Abortion-rights activists, who like to argue that abortion has no lasting health risks, will find it very, very difficult to explain away such numbers. It’s not surprising that in recent years, when the topic of the ABC link comes up, many offer perfunctory denials and then quickly change the subject.

Another reason why these findings are so important is that women in India and neighboring countries are simply ideal subjects for studies of the ABC link. They marry early, do not use the pill, have multiple pregnancies, and breastfeed their babies. In other words, all of the other major risk factors for breast cancer are … absent.

Many women in countries like the United States, Australia, and Great Britain, on the other hand, all engage in other behaviors—besides abortion—that can cause breast cancer. They marry late or not at all. They use oral contraceptives when young and go on Hormone Replacement Therapy (HRT) when older. They have only one or no full-term pregnancies. And they do not breastfeed.

When these “confounding factors”—as they are called—are present, they make it difficult to sort out just how much induced abortions raise a woman’s lifetime breast cancer risk.

But they are largely absent in India, so the ABC link comes through loud and clear.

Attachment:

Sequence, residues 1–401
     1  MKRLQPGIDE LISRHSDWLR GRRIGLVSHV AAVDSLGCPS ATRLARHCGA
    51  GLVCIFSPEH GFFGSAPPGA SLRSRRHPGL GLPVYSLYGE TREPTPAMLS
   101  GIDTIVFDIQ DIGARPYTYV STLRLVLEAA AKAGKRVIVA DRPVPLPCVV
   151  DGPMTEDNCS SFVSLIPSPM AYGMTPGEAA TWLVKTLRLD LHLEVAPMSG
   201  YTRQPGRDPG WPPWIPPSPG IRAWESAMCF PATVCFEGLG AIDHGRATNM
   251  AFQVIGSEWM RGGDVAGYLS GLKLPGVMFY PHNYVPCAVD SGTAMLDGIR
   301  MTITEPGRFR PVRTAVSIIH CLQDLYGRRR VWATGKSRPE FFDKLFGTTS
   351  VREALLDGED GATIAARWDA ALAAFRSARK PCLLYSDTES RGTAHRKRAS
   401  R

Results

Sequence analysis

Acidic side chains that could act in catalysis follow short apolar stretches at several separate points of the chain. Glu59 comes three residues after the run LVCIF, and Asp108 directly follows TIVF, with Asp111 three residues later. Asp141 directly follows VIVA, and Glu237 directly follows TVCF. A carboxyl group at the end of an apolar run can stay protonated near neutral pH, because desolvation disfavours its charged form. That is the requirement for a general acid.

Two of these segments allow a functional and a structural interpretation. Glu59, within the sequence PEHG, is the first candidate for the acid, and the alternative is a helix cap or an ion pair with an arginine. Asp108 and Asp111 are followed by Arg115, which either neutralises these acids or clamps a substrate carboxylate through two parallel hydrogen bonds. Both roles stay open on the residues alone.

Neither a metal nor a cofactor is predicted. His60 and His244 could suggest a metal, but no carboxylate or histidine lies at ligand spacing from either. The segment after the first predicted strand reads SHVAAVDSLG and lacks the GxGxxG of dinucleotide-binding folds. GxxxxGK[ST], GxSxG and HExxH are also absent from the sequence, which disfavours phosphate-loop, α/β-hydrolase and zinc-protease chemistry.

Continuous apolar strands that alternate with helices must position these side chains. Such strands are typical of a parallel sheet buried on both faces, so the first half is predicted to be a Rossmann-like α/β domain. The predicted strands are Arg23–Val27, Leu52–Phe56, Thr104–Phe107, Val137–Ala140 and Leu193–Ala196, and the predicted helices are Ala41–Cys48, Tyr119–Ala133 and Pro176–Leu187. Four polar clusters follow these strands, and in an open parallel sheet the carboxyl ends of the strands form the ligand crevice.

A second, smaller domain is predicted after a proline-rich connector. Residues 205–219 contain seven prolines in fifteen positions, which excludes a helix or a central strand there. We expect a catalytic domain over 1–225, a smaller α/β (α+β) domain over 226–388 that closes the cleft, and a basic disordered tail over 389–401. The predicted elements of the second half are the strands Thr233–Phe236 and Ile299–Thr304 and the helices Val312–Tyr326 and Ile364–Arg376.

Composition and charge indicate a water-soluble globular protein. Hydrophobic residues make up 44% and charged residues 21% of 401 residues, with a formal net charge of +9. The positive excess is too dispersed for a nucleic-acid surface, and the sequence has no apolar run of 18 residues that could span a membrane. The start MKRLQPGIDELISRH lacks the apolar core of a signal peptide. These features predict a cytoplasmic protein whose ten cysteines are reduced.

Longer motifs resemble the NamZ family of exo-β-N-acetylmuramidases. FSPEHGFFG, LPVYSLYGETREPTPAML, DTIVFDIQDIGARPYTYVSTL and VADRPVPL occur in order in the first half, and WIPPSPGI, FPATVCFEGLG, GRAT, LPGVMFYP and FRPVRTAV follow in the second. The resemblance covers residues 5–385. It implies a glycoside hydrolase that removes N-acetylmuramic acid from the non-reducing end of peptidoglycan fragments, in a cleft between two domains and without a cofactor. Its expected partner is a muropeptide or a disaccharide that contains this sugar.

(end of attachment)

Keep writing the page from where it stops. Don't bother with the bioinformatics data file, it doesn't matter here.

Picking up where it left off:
In fact,the ABC link these Indian studies confirm is stronger than other risk factors for breast cancer that we know of, such as advanced age, having a family history of breast cancer, or being childless.

These new Indian studies have come to light not long after the publication of a huge meta-analysis of 36 (thirty-six!) studies done in Mainland China. This study also showed a statistically significant risk of breast cancer following abortion. For Chinese women who have had one or more induced abortions the increased risk was 44% (Odds Ratio 1.44). The risk jumped to 76% for women who had had two or more previous abortions.

As Dr. Joel Brind, perhaps the leading authority on the Abortion-Breast Cancer link, notes, “The study confirmed the results I and my co-authors from Penn State Medical College had reported in 1996 in the British Medical Association’s epidemiology journal.” The Brind et al study showed an increased risk of 30% (Odds Ratio 1.3).

There are reams of reliable data. There are—literally—dozens of studies showing that women who undergo induced abortions have a significantly increased risk of developing breast cancer down the road. And yet …..

The abortion movement continues to whistle past the graveyard—where the bodies of women who have died from abortion-induced breast cancer are buried. It continues to try and discredit the mounting evidence of an ABC link by claiming, “Weak associations can turn up by chance and are therefore random and meaningless.”

Well, the associations revealed in the Indian and Chinese studies were not weak at all, but statistically very robust. Women deserve to know that they are at significantly greater risk of developing breast cancer if they undergo an induced abortion.

Why doesn’t the abortion movement—which claims to have the interests of women at heart—warn them about this risk? Why do they continue to concoct flawed arguments, and publish flawed studies, in an attempt to discredit an ABC link that has now been clearly proven?